|Publication number||US4122043 A|
|Application number||US 05/619,049|
|Publication date||Oct 24, 1978|
|Filing date||Oct 2, 1975|
|Priority date||Dec 19, 1973|
|Publication number||05619049, 619049, US 4122043 A, US 4122043A, US-A-4122043, US4122043 A, US4122043A|
|Inventors||Paul Kersnar, Robert Joseph O'Connor|
|Original Assignee||Polytrol Chemical Corporation|
|Export Citation||BiBTeX, EndNote, RefMan|
|Patent Citations (8), Non-Patent Citations (3), Referenced by (48), Classifications (19)|
|External Links: USPTO, USPTO Assignment, Espacenet|
This application is a continuation-in-part of application Ser. No. 426,182, filed Dec. 19, 1973, now abandoned.
This invention relates to improvements in heavy-duty detergent compositions and to the problems which such heavy-duty detergents cause when they are sent into rivers, lakes and seas having living fishes and similar aquatic and marine life.
The prior art relative to detergent compositions for various uses probably finds its origin in prehistoric eras and, to say the least, is extensive. The use of true soaps and, in contrast, synthetic surfactants, such as anionic, nonionic, cationic and mixed types, alone, and with builders, is well documented, with indicated efficacies for a multitude of applications. The prior art also teaches the use of various amphoteric type surfactants in detergent applications (See, for example, U.S. Pat. Nos. 3,719,613, 3,452,065, 3,654,166, 3,280,179). The widespread use of amphoteric surfactants was probably precluded for economic reasons. The largest commercial and household usage of surfactants is comprised of true soaps, alkyl aryl sulfonates, alkyl sulfates, and nonionics of the ethyl-oxylated nonyl and octyl phenols and alcohol types. In recent years considerations of biodegradability have caused changes to linear alkyl aryl sulfonates, straight chain alcohols, etc. Thus, the situation exists that very large tonnages of the above-described detergent types are being released to sewage effluents and surface waters.
Although control of water-pollution, both Federal and State, dates back many years, it was not until the Federal Water Pollution Control Act Amendments of 1961 that the significance of the program was elevated. Finally, the Federal Water Pollution Control Act Amendments of 1972 established firm guidelines as to what constituted water pollution. One requirement arising from these new regulations reads that no discharge into sanitary sewer systems of industrial waste having a 96-hour median tolerance limit (TLm) of less than 50% would be allowed. To determine the toxicity of various substances to marine and aquatic life other than microorganisms, standard methods of bioassay are used. (See, for example, Standard Methods for the Examination of Water and Waste Water, 13th Edition, prepared and published jointly by American Public Health Association, American Water Works Association, Water Pollution Control Federation, Publication Office; American Public Health Association, 1740 Broadway, New York, N. Y. 10019, Section 231, and Water Quality Criteria, Publication 3-A, California State Water Resources Control Board). The terms "TL 50" and "TLm 50", indicate the tolerance limits at existing or stated concentration of indicated pollutants. Fish survival tests indicate percent of fish surviving in a given solution or effluent in a given period of time. In all cases, our tests were run for a 96-hour period. For our purpose, the terms TL, TLm, and percent survival, are used interchangeable and when 50 or greater, indicate substantial or acceptable nontoxicity to marine or aquatic life other than microorganisms, in accordance with the standard assays. In this specification and claims it will be understood that marine or aquatic life is intended to mean "other than microorganisms." It is known that none of the detergent compositions utilizing the known true soaps, anionic, nonionic or cationic types would pass this Fish Bio-Assay Test at usual use concentrations.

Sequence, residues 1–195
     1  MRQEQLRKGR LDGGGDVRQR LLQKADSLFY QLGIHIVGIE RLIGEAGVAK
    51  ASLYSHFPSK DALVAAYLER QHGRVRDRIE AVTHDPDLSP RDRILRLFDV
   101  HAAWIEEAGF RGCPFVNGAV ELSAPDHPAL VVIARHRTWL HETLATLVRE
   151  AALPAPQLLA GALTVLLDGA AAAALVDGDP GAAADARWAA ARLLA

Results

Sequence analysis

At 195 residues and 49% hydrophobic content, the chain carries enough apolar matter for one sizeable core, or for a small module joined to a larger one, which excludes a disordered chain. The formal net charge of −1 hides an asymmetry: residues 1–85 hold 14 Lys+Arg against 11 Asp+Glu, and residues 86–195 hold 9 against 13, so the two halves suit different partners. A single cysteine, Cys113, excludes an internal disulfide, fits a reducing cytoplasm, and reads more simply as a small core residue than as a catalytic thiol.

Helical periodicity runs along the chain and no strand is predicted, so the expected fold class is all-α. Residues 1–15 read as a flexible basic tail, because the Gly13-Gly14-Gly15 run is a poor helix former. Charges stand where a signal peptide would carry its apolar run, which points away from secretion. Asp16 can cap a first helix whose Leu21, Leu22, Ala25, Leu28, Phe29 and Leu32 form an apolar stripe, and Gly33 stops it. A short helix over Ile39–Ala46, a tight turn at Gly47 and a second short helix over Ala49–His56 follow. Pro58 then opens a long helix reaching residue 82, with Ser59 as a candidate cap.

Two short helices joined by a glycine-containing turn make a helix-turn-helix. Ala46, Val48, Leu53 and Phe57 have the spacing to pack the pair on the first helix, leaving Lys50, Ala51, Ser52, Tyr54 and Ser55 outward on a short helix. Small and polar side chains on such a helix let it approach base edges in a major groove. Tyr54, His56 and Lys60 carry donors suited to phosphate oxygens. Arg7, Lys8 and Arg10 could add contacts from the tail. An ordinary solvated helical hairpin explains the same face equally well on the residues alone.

As stated above the prior art teaches widespread detergent applications utilizing true soaps and synthetic surfactants of anionic, nonionic and cationic types. Again, for the purpose of brevity, these will be referred to as SANC, such an abbreviation indicating compositions of the aforementioned types, alone, mixed, or admixed with builders and suitable adjuncts.
In considering water-pollution aspects it is pointed out that not only the TLm but other restrictions are also placed on the composition of sewage effluents. In part, these would include limits in content of grease, suspended matter, chemical oxygen demand, pH range, temperature, metal content, sulfides, cyanides, phenols, chlorinated hydrocarbons, etc. Thus, it is the intent by statute to limit by prescribed maximum figure, or by a range, the inclusion of these varied substances and conditions in industrial wastes. Where violation occurs it is the responsibility of the polluter to take measures to bring the effluent within the statute requirements. It is further pointed out that many, but not all of the SANC type detergents would not contribute to violations of the latter described type, and that their known efficacy as detergents could still be utilized. However, even if none of these latter violations existed in effluents containing SANC type materials, the effluent would still be in violation because the presence of SANC types would be toxic as determined by the TLm. The removal of SANC types to safe tolerance limits (generally reported as 5-25 parts per million) from the effluent would be a costly process, and becomes unnecessary through the use of the improved detergent compositions of this invention which provides the basis for adequate detergency while still passing the TLm.